As I hinted yesterday, that was not the last full day. We had forgotten that our flight did not leave until late in the evening, so we had a “bonus” full day. Given our state of weariness we opted to have an easy day focusing on the Tate Modern art gallery. We had difficulty finding it on the London map, so asked for help from the concierge. She unerringly pointed us to a location on the map very close to where we thought it was – on the other side of the Thames from the Tate Britain. However, I was troubled by the fact that it said “Lambeth Palace” at that location. Undeterred we made our way there on the Underground. Once back on the surface Joan asked a passing cyclist for direction: forty minutes on foot that-away, he said. He then pointed to the correct location on the map, giving us a d’oh moment. Back in the Underground, helpful staff advised the most efficient route to the nearest station at London Bridge.
This was fortuitous because we also got to see Southwark Cathedral – one of the oldest in the city.
The gallery itself is housed in a converted power station, so not particularly attractive on the outside. Most of what was the turbine hall is still a vast empty space – quite impressive. The galleries are in what were workshops and offices. There was the odd interesting work, but most of what was on display did not speak to our tastes.
We wanted to eat lunch in the restaurant in the Tate as a treat, but the wait was too long. We had a drink at the bar instead, enjoying the great view on the other side, including St Paul’s cathedral.
After lunch in the café we hopped across on the Millenium Bridge (foot- and cycle traffic only) and on to St Paul’s where we looked in briefly. We then meandered around the streets in the general direction of the Bank, the Underground station for our route home.
The Guild had its own church in one corner – St Lawrence Jewry – an intriguing name.
Further on we were attracted by a gilded figure on a dome atop a massive building. After walking around the side to the main, rather unobtrusive entrance, we daringly popped inside. The porters were only too willingly to accommodate the rubber-necking tourists and allowed us to have a quick peek around the entrance hall. I naïvely asked them what this building was: Sir, this is the Bank of England! Oh.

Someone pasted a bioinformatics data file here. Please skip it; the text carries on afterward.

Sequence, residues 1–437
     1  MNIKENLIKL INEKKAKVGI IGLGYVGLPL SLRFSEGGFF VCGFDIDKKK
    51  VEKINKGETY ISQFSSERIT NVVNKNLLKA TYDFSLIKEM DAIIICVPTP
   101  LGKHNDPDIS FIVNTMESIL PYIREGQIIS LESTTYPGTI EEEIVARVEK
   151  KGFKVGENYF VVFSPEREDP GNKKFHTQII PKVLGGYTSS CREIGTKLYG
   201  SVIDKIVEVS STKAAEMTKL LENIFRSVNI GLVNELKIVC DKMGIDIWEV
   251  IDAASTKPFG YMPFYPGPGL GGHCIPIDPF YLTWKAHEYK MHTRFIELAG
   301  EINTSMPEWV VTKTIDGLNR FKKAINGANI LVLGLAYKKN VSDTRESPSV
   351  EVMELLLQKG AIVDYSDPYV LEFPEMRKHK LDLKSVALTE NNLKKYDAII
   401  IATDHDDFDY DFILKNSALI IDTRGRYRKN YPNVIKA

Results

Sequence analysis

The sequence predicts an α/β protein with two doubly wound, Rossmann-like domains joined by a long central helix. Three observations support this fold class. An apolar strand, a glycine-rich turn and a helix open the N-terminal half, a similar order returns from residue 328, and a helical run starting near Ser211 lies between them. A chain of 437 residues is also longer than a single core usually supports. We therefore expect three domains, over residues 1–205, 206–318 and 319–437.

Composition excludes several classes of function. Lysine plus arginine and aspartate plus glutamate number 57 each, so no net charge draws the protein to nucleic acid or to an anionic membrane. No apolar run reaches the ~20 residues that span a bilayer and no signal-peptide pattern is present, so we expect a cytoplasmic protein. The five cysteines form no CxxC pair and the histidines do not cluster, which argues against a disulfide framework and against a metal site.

Across the street was the Royal Exchange, emphasis on “was”. It now houses upmarket fashion shops and bars. Attractive inside and out. On the square was a statue (this is for Andy) of the man who first built a machine for boring the deep Underground tunnels.
Our return to the hotel was uneventful, as was the taxi trip to Paddington and the Heathrow Express to the airport. We got there very early, so had quite a good meal in one of the eateries there. We had more cash left over than expected and wanted to buy something, but could not find anything we wanted to splurge on. That surely is a sign of getting old.
As on the outbound leg, the flight to Hong Kong was awful. I commiserated with the tall man my height in the seat in front of me while we were both standing around at the back of the aircraft to relieve the agony. He was well-travelled and agreed that Virgin Atlantic’s seats on this plane were the worst he had ever experienced. Fortunately for us, VA had decided about four months ago to cease all flights into Australia as of June, so they re-booked us on Qantas for the leg home from HK. That worked very well for us, not least because we had used up inactive frequent-flyer points to upgrade to cattle class exit row seats.
Total flight time was 21.5 hours and we landed early at 6:50am. It had escaped us that this is peak hour so we had to stand all the way to St Leonards.
We got home at about 9:30am to be greeted by a driveway full of leaves, and mould on a number of surfaces, but with the hot water turned back on and a bottle of fresh milk in the fridge – thanks Roland!
Part way through our recovery nap, we were roused by a phone call from a sub-continent person allegedly from “Telstra Technical Department”, that out Internet connection was being terminated due to misuse. I used semi-polite choice words to tell him what I thought of that, given that this was not our ISP and we had not used our computers for seven weeks.